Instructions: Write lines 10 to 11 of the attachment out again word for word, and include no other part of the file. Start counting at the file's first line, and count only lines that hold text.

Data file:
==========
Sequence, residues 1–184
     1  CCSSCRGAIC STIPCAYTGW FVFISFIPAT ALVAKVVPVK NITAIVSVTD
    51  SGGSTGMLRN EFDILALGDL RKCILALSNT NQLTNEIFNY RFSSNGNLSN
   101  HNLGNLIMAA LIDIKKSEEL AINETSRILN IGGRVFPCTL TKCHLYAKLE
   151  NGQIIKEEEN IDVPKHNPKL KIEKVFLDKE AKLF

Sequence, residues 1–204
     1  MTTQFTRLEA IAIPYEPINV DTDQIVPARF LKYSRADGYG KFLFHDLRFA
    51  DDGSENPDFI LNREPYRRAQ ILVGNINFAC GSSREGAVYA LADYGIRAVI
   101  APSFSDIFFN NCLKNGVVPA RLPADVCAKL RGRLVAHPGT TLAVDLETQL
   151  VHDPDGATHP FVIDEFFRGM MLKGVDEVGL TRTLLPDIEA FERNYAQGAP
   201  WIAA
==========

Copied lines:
   151  VHDPDGATHP FVIDEFFRGM MLKGVDEVGL TRTLLPDIEA FERNYAQGAP
   201  WIAA